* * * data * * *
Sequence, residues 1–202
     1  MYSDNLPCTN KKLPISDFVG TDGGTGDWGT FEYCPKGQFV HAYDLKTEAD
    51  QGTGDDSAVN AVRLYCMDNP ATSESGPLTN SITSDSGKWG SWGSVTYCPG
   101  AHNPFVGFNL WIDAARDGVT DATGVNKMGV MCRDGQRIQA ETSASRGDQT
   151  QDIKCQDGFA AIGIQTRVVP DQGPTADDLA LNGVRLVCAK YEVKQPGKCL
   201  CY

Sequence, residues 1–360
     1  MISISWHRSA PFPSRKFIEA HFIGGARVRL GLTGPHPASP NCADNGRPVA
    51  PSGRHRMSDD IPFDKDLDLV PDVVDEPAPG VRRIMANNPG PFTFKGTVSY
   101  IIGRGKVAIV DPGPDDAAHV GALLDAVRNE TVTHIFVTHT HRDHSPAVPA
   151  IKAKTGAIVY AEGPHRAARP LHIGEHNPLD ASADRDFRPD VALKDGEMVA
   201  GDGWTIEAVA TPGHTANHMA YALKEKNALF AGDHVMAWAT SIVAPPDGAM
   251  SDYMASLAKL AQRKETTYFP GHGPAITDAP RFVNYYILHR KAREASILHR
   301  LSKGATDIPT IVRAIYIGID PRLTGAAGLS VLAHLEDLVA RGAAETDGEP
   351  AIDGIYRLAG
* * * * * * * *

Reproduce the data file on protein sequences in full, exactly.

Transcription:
Sequence, residues 1–202
     1  MYSDNLPCTN KKLPISDFVG TDGGTGDWGT FEYCPKGQFV HAYDLKTEAD
    51  QGTGDDSAVN AVRLYCMDNP ATSESGPLTN SITSDSGKWG SWGSVTYCPG
   101  AHNPFVGFNL WIDAARDGVT DATGVNKMGV MCRDGQRIQA ETSASRGDQT
   151  QDIKCQDGFA AIGIQTRVVP DQGPTADDLA LNGVRLVCAK YEVKQPGKCL
   201  CY

Sequence, residues 1–360
     1  MISISWHRSA PFPSRKFIEA HFIGGARVRL GLTGPHPASP NCADNGRPVA
    51  PSGRHRMSDD IPFDKDLDLV PDVVDEPAPG VRRIMANNPG PFTFKGTVSY
   101  IIGRGKVAIV DPGPDDAAHV GALLDAVRNE TVTHIFVTHT HRDHSPAVPA
   151  IKAKTGAIVY AEGPHRAARP LHIGEHNPLD ASADRDFRPD VALKDGEMVA
   201  GDGWTIEAVA TPGHTANHMA YALKEKNALF AGDHVMAWAT SIVAPPDGAM
   251  SDYMASLAKL AQRKETTYFP GHGPAITDAP RFVNYYILHR KAREASILHR
   301  LSKGATDIPT IVRAIYIGID PRLTGAAGLS VLAHLEDLVA RGAAETDGEP
   351  AIDGIYRLAG